Understanding Locking and Conditional Writes in AWS DynamoDB

Optimistic locking is a strategy to ensure that the client-side item that you are updating (or deleting) is the same as the item in DynamoDB. Optimistic concurrency depends on checking a value upon save to ensure that it has not changed. If you use this strategy, then your database writes are protected from being overwritten by the writes of others — and vice-versa.

By default, the DynamoDB write operations (PutItemUpdateItemDeleteItem) are unconditional: each of these operations will overwrite an existing item that has the specified primary key.

DynamoDB optionally supports conditional writes for these operations. A conditional write will succeed only if the item attributes meet one or more expected conditions. Otherwise, it returns an error. Conditional writes are helpful in many situations. For example, you might want a PutItem operation to succeed only if there is not already an item with the same primary key. Or you could prevent an UpdateItem operation from modifying an item if one of its attributes has a certain value. Conditional writes are helpful in cases where multiple users attempt to modify the same item.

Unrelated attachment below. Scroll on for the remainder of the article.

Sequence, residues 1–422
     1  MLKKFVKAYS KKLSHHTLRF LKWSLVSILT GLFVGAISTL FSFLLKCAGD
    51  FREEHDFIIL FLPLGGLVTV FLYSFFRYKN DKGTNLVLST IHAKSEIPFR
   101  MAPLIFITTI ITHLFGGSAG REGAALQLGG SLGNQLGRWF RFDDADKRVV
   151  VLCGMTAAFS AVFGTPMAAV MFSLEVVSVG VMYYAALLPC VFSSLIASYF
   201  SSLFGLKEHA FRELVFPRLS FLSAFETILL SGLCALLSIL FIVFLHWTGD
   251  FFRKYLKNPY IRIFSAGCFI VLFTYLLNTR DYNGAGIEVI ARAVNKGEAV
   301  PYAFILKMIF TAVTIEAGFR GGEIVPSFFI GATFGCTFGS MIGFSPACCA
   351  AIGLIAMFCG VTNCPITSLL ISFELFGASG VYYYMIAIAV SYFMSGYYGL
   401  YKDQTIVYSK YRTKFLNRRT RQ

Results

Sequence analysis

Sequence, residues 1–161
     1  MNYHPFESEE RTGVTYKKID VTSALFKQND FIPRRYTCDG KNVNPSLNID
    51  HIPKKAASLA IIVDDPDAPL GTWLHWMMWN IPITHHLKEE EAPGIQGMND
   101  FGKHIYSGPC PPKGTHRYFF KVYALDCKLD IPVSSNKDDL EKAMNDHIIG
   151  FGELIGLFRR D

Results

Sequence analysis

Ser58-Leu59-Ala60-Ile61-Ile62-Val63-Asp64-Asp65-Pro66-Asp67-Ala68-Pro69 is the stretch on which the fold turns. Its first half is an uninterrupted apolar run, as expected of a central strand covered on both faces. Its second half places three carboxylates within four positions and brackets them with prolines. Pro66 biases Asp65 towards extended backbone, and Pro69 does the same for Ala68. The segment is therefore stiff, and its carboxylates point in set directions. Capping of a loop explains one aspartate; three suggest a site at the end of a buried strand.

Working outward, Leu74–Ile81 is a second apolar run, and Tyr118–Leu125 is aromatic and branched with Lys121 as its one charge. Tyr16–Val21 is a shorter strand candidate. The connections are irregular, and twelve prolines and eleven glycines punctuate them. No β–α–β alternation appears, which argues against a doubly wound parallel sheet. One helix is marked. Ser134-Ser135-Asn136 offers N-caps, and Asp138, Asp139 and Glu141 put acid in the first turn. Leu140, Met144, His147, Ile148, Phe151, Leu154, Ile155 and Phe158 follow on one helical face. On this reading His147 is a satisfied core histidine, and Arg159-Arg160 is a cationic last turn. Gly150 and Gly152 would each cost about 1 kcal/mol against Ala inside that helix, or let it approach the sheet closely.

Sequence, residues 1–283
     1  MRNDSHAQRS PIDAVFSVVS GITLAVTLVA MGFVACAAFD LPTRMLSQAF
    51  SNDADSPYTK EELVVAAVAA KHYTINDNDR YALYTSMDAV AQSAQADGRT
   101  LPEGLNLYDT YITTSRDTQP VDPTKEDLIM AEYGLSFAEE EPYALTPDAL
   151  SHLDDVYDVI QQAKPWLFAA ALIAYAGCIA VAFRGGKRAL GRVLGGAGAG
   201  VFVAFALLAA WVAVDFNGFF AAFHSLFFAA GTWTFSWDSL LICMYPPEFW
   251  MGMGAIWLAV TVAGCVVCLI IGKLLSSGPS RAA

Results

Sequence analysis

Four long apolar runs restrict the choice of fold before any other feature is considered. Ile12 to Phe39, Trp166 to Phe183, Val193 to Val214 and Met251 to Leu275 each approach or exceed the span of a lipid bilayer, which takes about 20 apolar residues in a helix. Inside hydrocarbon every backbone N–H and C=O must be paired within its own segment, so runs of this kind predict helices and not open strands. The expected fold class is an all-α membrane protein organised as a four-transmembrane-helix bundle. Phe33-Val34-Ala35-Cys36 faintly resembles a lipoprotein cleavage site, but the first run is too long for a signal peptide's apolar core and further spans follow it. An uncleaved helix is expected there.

In the AWS SDK for PHP, there is a PessimisticLockingStrategy class for DynamoDB. This locking strategy uses pessimistic locking (similar to how the native PHP session handler works) to ensure that sessions are not edited while another process is reading/writing to it. Pessimistic locking can be expensive and can increase latencies, especially in cases where the user can access the session more than once at the same time (e.g. ajax, iframes, or multiple browser tabs).

Like this post? Please share to your friends:
Leave a Reply

;-) :| :x :twisted: :smile: :shock: :sad: :roll: :razz: :oops: :o :mrgreen: :lol: :idea: :grin: :evil: :cry: :cool: :arrow: :???: :?: :!: